The House of Representatives is expected to pass another round of economic coronavirus relief legislation this week. Included in the $2.2 trillion dollar bill are numerous provisions important for Big “I" members.
As of press time, the U.S. House of Representatives was expected this week to consider another round of coronavirus relief legislation. This legislation is a slimmed-down version of the “HEROES Act" that previously passed the House in May with a partisan vote. This new “skinny" bill, as it is known inside the Beltway, is expected to pass on partisan lines and is not expected to be considered in the U.S. Senate, but negotiations between House Democrats and the Trump Administration continued this week in an effort to break the logjam.
Included in the $2.2 trillion dollar bill are numerous provisions important for Big “I" members. Specifically, the legislation would extend the Paycheck Protection Program (PPP), which expired on Aug. 8.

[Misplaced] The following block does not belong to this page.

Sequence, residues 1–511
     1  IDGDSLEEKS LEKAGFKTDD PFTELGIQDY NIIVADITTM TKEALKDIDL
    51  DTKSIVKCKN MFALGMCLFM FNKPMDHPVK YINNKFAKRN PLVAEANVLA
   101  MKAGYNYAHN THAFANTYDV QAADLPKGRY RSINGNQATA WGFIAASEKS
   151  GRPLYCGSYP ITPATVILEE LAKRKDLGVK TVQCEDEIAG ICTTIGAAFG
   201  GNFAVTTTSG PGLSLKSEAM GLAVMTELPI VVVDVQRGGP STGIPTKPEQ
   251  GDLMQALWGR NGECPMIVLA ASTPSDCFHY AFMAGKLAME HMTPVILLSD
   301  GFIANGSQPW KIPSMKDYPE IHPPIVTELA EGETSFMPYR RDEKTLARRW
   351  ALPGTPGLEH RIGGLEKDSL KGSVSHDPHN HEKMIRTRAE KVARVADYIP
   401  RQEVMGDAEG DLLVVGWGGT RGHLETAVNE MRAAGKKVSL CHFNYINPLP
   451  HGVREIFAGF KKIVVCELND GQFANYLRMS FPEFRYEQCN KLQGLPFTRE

Especially important for Big “I" state associations is that this bill would allow 501(c)(6) organizations to access the PPP program, as long as the organization's lobbying activities don't comprise of more than 10% of the organization's activities. The Big “I" has advocated extensively for 501(c)(6) organizations to have access to the PPP.
Other notable PPP related provisions include allowing some businesses to apply for a second PPP loan and a more simplified forgiveness process for loans under $150,000.
The bill would also provide other avenues for relief including a $120 billion relief fund for restaurants and bars, a new “lifeline" grant program for especially hard-hit small businesses with less than 50 employees, a new round of $1200 per taxpayer and $500 per dependent direct stimulus checks and a resumption of the $600 weekly federal unemployment payments through January 2021.
Finally, the legislation includes text from the SAFE Banking Act, which the House passed in September 2019. This provision provides a federal “safe harbor" to financial services providers who choose to work with “cannabis-related legitimate businesses," including insurers and agents and brokers. The legislation also prevents criminal prosecution and civil liability against agents and brokers engaged with those clients.
Joseph Cortina is Big “I" director of federal government affairs.